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Finding the minimum speed for putting an object in orbit

  1. Mar 15, 2009 #1
    yet another doubt about gravitation. we must affirm that it's also not a homework question, so, we won't need any number, only the formulas.

    1. The problem statement, all variables and given/known data
    1) suppose that an object is located in a distance r from the center of the Earth (not necessary to say that r is larger than the Earth's radius). we want to know the formula of the speed necessary (launching it horizontally) for that object to describe (A) a circular orbit of radius r.
    we additionally want to know how to make this object describe (B) an elliptical, (C) a parabolic and a (D) hyperbolic orbit.
    2) we would also like to know how to calculate the speed necessary to launch an object from the surface of the Earth, so it can enter in a circular orbit of radius r (bigger than the radius of the Earth).

    2. Relevant equations
    gravitational force:
    Fg = GmM/r², where G is the gravitational constant, m is the mass of the object, M is the mass of the Earth and r is the distance between the center of the Earth and the center of the object (in this case, the distance r mentioned above).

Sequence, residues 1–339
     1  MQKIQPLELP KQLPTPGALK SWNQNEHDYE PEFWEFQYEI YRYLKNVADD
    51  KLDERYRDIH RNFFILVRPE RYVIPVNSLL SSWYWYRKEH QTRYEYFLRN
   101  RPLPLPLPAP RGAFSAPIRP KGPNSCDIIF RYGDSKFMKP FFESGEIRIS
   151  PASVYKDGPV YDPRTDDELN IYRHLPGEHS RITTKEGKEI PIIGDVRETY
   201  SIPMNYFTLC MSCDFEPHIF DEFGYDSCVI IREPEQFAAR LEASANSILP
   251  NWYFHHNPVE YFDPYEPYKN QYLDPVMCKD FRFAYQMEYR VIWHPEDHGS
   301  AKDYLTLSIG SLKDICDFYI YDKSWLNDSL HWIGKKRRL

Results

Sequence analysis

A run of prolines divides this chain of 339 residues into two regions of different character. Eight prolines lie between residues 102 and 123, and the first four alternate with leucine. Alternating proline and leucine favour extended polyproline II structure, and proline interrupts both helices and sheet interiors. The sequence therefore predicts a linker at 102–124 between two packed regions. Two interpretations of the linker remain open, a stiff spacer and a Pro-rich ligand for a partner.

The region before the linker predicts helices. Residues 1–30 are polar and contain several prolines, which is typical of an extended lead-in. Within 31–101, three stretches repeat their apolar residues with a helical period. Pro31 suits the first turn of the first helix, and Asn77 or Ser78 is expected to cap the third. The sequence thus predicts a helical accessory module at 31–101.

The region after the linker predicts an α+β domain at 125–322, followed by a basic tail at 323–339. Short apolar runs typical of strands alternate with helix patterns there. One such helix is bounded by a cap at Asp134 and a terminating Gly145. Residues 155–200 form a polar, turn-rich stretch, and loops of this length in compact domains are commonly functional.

centripetal force:
    Fcp = mv²/r (where v is the speed of the object).
    conservation of energy
    [tex]\frac{mv^{2}_{0}}{2}-\frac{GmM}{R} = \frac{mv^{2}_{1}}{2}-\frac{GmM}{r}[/tex], where R is the radius of the Earth and r is the distance we mentioned above.

    3. The attempt at a solution
    1) (A) for the object to describe a circular orbit, its centripetal force has to balance with the gravitational force:
    Fcp = Fg
    mv²/r = GmM/r²
    v²/r = GM/r²
    v² = GM/r
    [tex]v = \sqrt{\frac{GM}{r}}[/tex]
    for B, C and D, we have no clue, because we don't know the mathematical condition to obtain those orbits.
    NOTE: does v have to be horizontal? why wouldn't an object thrown with vertical v = [tex]v = \sqrt{\frac{GM}{r}}[/tex] also respect that Fcp = Fg?
    2) we don't have much idea where to start, but we think that this velocity will have a vertical component and a horizontal component which is [tex]v_x = \sqrt{\frac{GM}{r}}[/tex].
    the vertical velocity would be v0y: [tex]\frac{mv^{2}_{0y}}{2}-\frac{GmM}{R} = \frac{mv^{2}_{1y}}{2}-\frac{GmM}{r}[/tex].
    in this case, we think that v1y would have to be zero.

    thank you advance.
  2. jcsd
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